Not an ordinary death but institutional murder

Dayamani Barla writes: Stan Swamy's death is a blot on our judicial and administrative systems and on the conscience of our nation.

Written by Dayamani Barla

2020 was a challenging year for the whole world with Covid-19 shaking the populace. At such a time, the arrest of 83-year-old human rights activist Father Stan Swamy on charges of terrorism was another assault on democratic rights by the Union government. His arrest was met with vociferous protests all over India and abroad by individuals and organisations who believe in democracy, freedom of expression and community rights.

I had never bothered to peruse the UAPA before. In 2019, I heard about the peculiarities of the Act for the first time when, in the Bhima Koregaon case, 16 people, including prominent social activists, journalists, lawyers, poets and intellectuals, were charged under this Act. As per the 2019 amendment in the UAPA 1967, the government can designate individuals too as terrorists. It was only after Father Stan’s arrest that we could understand the vile significance of this amendment.

Before 2014, we did not hear of social or human rights activists being charged with treason or terrorism, or being called urban Naxals. Under the BJP government in Jharkhand too, it became commonplace for leaders of public movements to be labelled anti-nationals, traitors.

For 30 years, Father Stan worked amongst tribals, indigenous people, Dalits and farmers of Jharkhand to protect their water, forests, land, environment and constitutional rights. In 2016, the BJP government proposed amendments in the Chhota Nagpur Tenancy and Santhal Parganas Tenancy Acts. It was Father Stan who created awareness among people about the two amendments and the Panchayats (Extension to Scheduled Areas) (PESA) Act, and how the rights enshrined in the Constitution were being infringed upon by government policies.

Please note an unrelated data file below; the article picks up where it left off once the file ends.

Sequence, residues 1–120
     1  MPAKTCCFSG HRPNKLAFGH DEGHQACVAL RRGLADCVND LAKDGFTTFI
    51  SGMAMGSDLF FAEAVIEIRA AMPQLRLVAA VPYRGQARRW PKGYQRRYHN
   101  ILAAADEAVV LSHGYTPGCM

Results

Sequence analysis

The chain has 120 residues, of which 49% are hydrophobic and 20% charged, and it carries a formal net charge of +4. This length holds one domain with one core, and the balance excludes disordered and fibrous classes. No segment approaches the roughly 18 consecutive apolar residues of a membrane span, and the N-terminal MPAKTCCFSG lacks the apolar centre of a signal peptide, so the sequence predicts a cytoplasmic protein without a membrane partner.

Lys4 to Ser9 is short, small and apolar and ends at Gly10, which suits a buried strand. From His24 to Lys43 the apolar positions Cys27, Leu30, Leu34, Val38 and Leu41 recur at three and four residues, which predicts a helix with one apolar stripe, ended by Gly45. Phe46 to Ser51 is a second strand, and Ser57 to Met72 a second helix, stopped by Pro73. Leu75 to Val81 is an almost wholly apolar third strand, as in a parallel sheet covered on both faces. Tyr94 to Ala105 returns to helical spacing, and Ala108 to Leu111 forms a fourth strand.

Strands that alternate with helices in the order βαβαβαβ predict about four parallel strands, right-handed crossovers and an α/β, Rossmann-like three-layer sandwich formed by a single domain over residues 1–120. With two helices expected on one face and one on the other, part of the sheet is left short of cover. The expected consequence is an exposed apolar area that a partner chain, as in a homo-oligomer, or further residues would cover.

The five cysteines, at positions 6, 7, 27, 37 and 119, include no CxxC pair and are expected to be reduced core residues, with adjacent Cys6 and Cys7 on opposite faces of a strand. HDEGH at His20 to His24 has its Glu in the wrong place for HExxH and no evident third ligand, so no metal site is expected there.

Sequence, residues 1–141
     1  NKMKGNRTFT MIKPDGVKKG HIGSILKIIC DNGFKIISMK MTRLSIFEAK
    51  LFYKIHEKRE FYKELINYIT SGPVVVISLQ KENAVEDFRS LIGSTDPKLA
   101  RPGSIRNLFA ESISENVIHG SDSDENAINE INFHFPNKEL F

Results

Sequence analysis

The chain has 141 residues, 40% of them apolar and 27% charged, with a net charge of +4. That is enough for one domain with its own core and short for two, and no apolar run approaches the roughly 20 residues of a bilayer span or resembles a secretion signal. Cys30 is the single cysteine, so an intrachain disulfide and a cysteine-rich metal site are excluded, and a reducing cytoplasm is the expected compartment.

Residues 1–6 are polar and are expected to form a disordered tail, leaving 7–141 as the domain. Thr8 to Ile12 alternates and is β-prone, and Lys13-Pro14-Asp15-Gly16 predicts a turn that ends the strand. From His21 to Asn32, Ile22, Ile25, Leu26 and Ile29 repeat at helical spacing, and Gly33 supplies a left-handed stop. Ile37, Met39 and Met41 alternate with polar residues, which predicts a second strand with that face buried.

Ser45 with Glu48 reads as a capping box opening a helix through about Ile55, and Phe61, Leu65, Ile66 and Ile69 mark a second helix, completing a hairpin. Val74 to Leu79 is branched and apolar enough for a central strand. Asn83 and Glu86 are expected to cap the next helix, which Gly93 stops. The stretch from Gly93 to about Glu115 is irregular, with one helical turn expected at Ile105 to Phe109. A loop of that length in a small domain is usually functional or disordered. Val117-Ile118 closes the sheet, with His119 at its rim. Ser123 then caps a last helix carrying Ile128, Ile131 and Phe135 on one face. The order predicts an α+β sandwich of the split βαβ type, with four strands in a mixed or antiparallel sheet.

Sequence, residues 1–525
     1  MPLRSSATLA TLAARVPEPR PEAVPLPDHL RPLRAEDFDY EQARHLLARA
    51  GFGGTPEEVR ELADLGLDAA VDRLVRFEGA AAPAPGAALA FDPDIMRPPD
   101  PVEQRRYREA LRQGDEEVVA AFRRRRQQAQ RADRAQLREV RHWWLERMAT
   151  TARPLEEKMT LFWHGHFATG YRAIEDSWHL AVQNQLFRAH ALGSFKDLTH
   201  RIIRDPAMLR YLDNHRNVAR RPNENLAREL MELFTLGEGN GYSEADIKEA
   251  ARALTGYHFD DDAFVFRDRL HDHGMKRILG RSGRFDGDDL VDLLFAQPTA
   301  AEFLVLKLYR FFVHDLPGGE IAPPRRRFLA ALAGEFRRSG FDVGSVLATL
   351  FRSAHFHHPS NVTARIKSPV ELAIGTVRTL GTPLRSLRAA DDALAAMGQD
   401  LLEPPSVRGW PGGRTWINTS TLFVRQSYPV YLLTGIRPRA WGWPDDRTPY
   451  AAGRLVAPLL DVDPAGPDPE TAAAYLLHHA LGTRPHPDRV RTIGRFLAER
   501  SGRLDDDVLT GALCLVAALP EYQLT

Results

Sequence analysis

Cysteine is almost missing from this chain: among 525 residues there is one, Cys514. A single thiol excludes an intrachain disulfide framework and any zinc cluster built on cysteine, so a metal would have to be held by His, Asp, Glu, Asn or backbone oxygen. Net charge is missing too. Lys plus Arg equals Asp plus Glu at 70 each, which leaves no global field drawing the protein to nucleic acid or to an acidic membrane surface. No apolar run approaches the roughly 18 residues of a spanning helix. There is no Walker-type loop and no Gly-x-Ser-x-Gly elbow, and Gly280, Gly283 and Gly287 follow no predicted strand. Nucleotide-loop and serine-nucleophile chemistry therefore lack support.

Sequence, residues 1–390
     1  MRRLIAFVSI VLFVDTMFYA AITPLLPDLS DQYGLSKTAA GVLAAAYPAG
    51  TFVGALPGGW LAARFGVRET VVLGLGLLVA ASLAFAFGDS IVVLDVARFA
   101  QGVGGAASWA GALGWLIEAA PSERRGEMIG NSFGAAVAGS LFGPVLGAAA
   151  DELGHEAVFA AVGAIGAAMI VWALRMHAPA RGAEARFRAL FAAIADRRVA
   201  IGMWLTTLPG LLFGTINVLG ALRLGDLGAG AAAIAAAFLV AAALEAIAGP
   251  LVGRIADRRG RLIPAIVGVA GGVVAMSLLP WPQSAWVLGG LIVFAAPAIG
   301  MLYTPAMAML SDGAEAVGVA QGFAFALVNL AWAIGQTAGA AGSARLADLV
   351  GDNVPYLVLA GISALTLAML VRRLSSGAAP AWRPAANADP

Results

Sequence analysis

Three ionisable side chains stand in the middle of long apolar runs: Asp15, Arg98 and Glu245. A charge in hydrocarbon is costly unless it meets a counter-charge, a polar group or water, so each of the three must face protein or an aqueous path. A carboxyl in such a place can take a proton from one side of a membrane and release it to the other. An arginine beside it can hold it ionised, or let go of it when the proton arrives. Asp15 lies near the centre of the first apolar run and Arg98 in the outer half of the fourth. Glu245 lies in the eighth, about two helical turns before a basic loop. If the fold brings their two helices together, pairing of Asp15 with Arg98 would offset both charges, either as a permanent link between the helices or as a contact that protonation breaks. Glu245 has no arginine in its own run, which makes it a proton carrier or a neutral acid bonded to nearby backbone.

Father Stan also raised questions regarding the auctioning of coal blocks. He said that while these coal blocks were in tribal areas, tribals would gain little from the auctions. He underlined that it was the duty of the State to raise cooperative organisations and provide them resources like initial capital, technical and managerial expertise, and market linkages, so that tribal communities could prosper without leaving their lands.

Father Stan also undertook a detailed study of the projects started in Jharkhand, on completion of 12 years of its formation, and on the people displaced due to them. ‘Bagaicha’, the institution founded by him, would inform the marginalised about their rights, under the RTI, Forests Rights Act, Right to Food, and about government welfare schemes.

I remember the first time I saw Father Stan. It was during a lunch break in the course of a programme. He sat on a nearby table. I watched his hand wavering over his plate. It was several moments before with trembling fingers he tried to shape rice into a morsel, and raise it to his lips with difficulty. To drink water he grabbed the glass with both hands. I could never forget that moment.

Father Stan was also fighting for the 3,000-odd tribals in prison in Jharkhand for many years on trumped-up charges. He relentlessly talked about them in writings and public campaigns.

The arrest of activists over Bhima Koregaon, including Father Stan, is a conspiracy of the government to scare and weaken peoples’ organisations.

Just as Birsa Munda and his associates fighting for self-rule were murdered in prison by the British on June 9, 1900, Father Stan, a patient of Parkinson’s disease, died as he was kept imprisoned by the government from October 2020 to July 2021. The disease had left him debilitated, but he wasn’t provided even a straw in prison to have water and had to make a special submission in court.

A man who fought for the rights of the marginalised and oppressed breathed his last fighting the cruel system of this country. His was not an ordinary death but institutional murder and a blot on our judicial and administrative systems and on the conscience of our nation.

Dayamani Barla is a senior tribal rights activist from Jharkhand.

Translated by Arif Hussain, an independent researcher from Bihar

Suraj Yengde, the author of Caste Matters, curates the fortnightly Dalitality column

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